Frosty the Snowman (1969)
Not to push every magically living snowman, but the kids they love this stuff. Plus, I saw that Frosty was on TV the other day and put it on, only for it to be one of the ugly sequels (I think it was 2005’s The Legend of Frosty the Snowman). To be sure your kids don’t see the wrong version, introduce them to this Rankin/Bass short based on the hit song from two decades earlier. While the tune is not necessary a Christmas song, this adaptation did like the short above add in the Santa Claus component. If you want to be more pure, you can also see the very brief black-and-white 1954 film, which is more like an animated music video for the song.
Snow White and the Seven Dwarfs (1937)
Of course you have to show your kids the first Disney animated feature, for many reasons. As related to Frozen, nothing to do with there being “snow” in the title, the movie involves a basic formula for the Mouse House where a princess leads a sheltered life and winds up out in the wilderness, where she’s befriended by some animals and comic relief characters. Instead of trolls, as Anna is welcomed in by in Frozen, Snow is embraced by dwarves (or dwarfs, as the title has it). Eventually she’s nearly killed by the queen and requires an act of true love (here a kiss) to save her. Maybe it’s regressive politically to show the kids the less feminist version now, where it’s up to the prince charming to save the day, but we can’t shield them from history.
Winnie the Pooh (2011)
One of the reasons our kids love Frozen so much is the music, specifically the songs penned by the husband and wife team of Robert Lopez and Kristen Anderson-Lopez. His past work has included songs in The Book of Mormon and Avenue Q, neither of which is appropriate for the young ones (even if the latter looks like it is), while as a duo they previously did the new tunes for this latest feature starring everyone’s favorite honey-loving bear. They don’t sound a whole lot like the tunes in Frozen, not that Frozen’s songs have a very consistent style to them, and they’re not quite as catchy as the old Sherman Brothers’ classics written for the earlier Pooh films, but they’re still probable additions to the sing-a-long roster. The film itself, which sticks to the traditional animation style, is also fairly flawless.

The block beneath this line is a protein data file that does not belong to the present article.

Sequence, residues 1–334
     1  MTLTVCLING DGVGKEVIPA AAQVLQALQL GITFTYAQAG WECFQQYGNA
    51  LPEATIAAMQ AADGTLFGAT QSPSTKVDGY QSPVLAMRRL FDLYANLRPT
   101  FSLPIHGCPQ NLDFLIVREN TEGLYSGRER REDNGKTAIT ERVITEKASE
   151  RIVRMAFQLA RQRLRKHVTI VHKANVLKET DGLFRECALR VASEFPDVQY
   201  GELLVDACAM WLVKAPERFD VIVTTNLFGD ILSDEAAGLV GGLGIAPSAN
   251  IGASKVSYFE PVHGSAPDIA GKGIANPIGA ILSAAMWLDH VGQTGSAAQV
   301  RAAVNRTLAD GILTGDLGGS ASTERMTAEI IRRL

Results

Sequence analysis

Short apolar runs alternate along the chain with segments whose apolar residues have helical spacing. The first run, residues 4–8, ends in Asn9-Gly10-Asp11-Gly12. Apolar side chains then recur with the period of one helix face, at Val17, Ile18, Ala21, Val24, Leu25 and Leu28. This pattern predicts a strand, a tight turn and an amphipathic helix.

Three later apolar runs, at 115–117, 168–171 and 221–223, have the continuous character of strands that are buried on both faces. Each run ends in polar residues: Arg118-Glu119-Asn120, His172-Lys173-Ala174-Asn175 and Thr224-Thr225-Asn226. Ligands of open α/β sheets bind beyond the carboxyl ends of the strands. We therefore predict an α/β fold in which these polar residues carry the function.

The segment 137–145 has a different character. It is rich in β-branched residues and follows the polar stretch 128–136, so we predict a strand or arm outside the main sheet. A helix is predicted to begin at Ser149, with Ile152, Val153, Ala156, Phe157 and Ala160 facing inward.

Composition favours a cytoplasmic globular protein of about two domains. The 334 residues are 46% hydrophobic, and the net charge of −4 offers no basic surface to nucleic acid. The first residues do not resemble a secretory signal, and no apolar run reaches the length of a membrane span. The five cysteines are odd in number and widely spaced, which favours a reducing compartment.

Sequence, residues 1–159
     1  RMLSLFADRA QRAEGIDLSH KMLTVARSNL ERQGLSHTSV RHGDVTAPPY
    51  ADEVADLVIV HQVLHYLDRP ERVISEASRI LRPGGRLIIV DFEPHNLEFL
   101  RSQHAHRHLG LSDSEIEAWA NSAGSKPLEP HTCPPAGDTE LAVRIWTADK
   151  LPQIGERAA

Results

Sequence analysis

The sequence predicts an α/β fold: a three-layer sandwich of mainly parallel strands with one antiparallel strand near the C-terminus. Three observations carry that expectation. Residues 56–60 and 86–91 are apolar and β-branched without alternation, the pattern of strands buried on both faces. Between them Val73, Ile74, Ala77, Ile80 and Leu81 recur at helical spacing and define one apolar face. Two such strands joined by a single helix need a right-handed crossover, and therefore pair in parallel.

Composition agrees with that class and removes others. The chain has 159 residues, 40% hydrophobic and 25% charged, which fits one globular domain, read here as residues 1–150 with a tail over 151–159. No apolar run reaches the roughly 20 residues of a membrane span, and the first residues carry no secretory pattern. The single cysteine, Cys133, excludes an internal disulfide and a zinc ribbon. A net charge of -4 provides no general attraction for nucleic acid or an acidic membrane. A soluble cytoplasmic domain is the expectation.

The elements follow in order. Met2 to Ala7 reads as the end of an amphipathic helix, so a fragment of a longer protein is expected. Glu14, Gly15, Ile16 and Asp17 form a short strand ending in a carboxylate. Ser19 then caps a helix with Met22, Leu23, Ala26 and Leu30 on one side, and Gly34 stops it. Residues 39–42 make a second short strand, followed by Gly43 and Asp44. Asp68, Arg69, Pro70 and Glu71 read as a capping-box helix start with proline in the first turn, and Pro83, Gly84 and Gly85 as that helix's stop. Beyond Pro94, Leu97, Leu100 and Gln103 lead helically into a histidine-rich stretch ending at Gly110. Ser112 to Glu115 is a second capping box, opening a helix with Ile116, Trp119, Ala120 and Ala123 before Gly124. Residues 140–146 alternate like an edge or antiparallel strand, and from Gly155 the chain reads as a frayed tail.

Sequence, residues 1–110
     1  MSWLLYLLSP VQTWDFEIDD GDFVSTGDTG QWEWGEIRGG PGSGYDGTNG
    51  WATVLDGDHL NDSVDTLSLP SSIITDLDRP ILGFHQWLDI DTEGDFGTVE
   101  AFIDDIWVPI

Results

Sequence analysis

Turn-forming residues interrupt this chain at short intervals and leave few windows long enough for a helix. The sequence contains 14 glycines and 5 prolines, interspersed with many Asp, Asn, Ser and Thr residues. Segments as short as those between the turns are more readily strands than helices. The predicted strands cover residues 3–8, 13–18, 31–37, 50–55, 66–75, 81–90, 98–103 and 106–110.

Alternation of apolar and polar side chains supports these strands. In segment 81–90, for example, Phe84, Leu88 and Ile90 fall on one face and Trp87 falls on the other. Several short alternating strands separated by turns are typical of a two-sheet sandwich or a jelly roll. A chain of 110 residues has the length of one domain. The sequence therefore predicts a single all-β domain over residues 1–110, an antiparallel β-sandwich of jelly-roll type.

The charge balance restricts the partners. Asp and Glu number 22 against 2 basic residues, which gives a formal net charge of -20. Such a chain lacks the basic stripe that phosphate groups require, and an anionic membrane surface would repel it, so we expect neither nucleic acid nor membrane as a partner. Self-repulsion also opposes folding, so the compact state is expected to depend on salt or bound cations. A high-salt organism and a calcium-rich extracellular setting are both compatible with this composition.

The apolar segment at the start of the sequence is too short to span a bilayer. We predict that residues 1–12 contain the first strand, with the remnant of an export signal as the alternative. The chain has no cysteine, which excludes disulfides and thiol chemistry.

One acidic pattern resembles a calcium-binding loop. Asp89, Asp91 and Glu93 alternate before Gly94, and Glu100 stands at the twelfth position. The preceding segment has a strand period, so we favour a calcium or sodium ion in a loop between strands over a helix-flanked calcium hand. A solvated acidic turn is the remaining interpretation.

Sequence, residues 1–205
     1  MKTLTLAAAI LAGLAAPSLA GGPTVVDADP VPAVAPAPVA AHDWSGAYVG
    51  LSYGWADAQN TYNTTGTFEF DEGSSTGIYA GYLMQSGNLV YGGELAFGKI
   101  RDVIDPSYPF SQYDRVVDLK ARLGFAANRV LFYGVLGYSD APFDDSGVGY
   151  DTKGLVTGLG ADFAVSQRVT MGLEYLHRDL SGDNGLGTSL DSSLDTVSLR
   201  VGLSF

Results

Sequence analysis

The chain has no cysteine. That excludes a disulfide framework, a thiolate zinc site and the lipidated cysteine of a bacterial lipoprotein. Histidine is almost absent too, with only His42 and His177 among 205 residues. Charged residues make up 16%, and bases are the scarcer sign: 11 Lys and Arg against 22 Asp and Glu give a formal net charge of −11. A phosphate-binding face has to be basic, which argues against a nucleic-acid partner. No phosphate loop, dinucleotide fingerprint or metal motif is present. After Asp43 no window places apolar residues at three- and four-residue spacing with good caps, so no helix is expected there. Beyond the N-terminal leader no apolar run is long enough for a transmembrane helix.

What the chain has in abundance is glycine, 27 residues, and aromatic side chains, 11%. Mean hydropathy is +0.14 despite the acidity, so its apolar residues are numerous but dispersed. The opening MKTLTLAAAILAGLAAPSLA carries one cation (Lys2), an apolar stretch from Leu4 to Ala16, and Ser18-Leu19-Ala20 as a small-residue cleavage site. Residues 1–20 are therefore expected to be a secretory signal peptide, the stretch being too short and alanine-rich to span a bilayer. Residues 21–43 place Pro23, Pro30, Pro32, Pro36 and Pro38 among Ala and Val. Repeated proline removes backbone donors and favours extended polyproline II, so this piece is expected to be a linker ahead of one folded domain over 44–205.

The Little Mermaid (1989)
For me, the last time a Disney animated film had such a compulsively catchy soundtrack as Frozen has was 25 years ago with this only other feature of theirs based on an Andersen fairy tale. Maybe it’s just that these tunes, written by Alan Menken and the late Howard Ashman, became popular when I was still having to sing this kind of stuff in music class, but nothing since has caught my ear the same way (and so far my son has responded best to them over any others, before or after). One of them, “Part of Your World,” also kept coming to mind when I’d listen to two separate Frozen tunes. “Let It Go” reminds me of the lyrics where Ariel is singing of letting go above water, “bright young women sick of swimmin’, ready to stand.” Then the stuff that’s more generally about wanting to be in a world she can’t experience due to her biological nature is very “In Summer.” Many have looked back on The Little Mermaid for not being the empowering work it was decades ago, but Ariel is definitely a strong female character. So she jumps to the idea of giving up her voice for a man. Anna jumps to the idea of getting married to the first man she meets, too. It’s the rest that counts. Read this Atlantic piece for more convincing.